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    Your baby’s heart begins to beat, and vital organs begin to form.

    Embryo begins to take shape in the fifth week

    Your baby’s development

    Vital organs are taking shape.
    After weeks of rapid cell development, your baby takes on a more distinct form. During the 5th week of pregnancy:

    • Your baby's heart and circulatory system take shape — a bulge indicates where her heart is developing. By the end of the 5th week of pregnancy, her earliest blood vessels form.
    • Around the 5th week of pregnancy, your baby's heart begins to beat and might be visible on an ultrasound.
    • The umbilical cord replaces the yolk sac. The umbilical cord works with the placenta to bring nutrition and oxygen to your baby and remove waste.
    • At 5 weeks, your baby is the length of the tip of a pen, about 1/17th of an inch, and growing rapidly every day.
    A woman sipping from a cup of juice

    Your nutrition and health

    Increase your intake of nutrients and fluids.
    Pregnancy is one of the best times to pump up your nutrition, because the choices you make affect both you and baby.

    During your 5th week of pregnancy:

    • Continue to follow a balanced diet.
    • Remember, balance is not in the individual foods, but in your overall diet. For healthy, balanced food plans, www.ChooseMyPlate.gov has a helpful nutrition section specifically for pregnancy and breastfeeding.
    • Stay hydrated. In addition to water, you can count milk or 100% fruit juices as fluid intake, too.

    Small changes, big differences.

    As you begin your pregnancy journey, there are many nutrients, vitamins, and minerals you should ensure you get every day. Here are some simple tips you can use today to get the nutrition you need for the rest of your pregnancy:

    • Switch from white to whole-grain bread. This simple switch will add more fiber to your diet as well as increase the magnesium and selenium. Additionally, you'll get more vitamins, such as niacin and thiamin. Very simple switch for some very important additions.
    • Get more whole grains. Trade sugary cereals for whole-grain cereals, white rice for brown rice, regular for whole-wheat pasta and white bread for whole-grain bread. Try wild rice or barley in soups, stews, casseroles, and salads. Look for products that list whole grains, such as whole-wheat flour, first in the ingredients list.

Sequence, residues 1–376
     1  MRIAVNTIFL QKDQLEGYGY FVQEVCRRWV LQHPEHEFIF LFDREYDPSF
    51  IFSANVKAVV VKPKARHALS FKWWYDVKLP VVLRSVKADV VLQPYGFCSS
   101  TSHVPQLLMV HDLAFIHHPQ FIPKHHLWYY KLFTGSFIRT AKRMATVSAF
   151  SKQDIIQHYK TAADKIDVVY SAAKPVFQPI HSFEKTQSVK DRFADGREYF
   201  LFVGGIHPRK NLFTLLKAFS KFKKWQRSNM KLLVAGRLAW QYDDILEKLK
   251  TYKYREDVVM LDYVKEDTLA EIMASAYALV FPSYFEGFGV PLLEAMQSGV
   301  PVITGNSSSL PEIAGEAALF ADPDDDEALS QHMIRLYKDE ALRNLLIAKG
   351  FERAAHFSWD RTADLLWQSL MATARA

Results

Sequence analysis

A mother smiling with her doctor in the background

    Things to think about now

    Make the most of your doctor visits.
    Regular prenatal care remains a critical part of monitoring your health and the health of your baby throughout your pregnancy. Now is the time to schedule your first prenatal visit. Most OB/GYN offices will schedule the appointment between your 6th and 10th week of pregnancy.

    • Your first prenatal doctor visit will be one of the most involved. Your doctor will confirm your pregnancy and record your medical history. Your doctor will most likely perform a physical exam and a series of additional routine tests to make sure you and your baby are healthy.
    • Good communication is the key to success with your doctor. If you don't understand something at any doctor visit, be sure to ask for clarification or additional details.
    • Get informed and be equipped. The more informed you are, the more you'll be able to make the best choices throughout your pregnancy.
    • Look beyond the belly. Remember to keep up with other areas of your overall health. Schedule routine dental visits and promptly address other health concerns as they arise.
    A couple eating together on the table

    What happens next week

    Growth spurt!
    Your baby’s nervous system is developing, organs continue to form, and her heart is beating about 80 times a minute. And lucky you—your morning sickness is in full swing.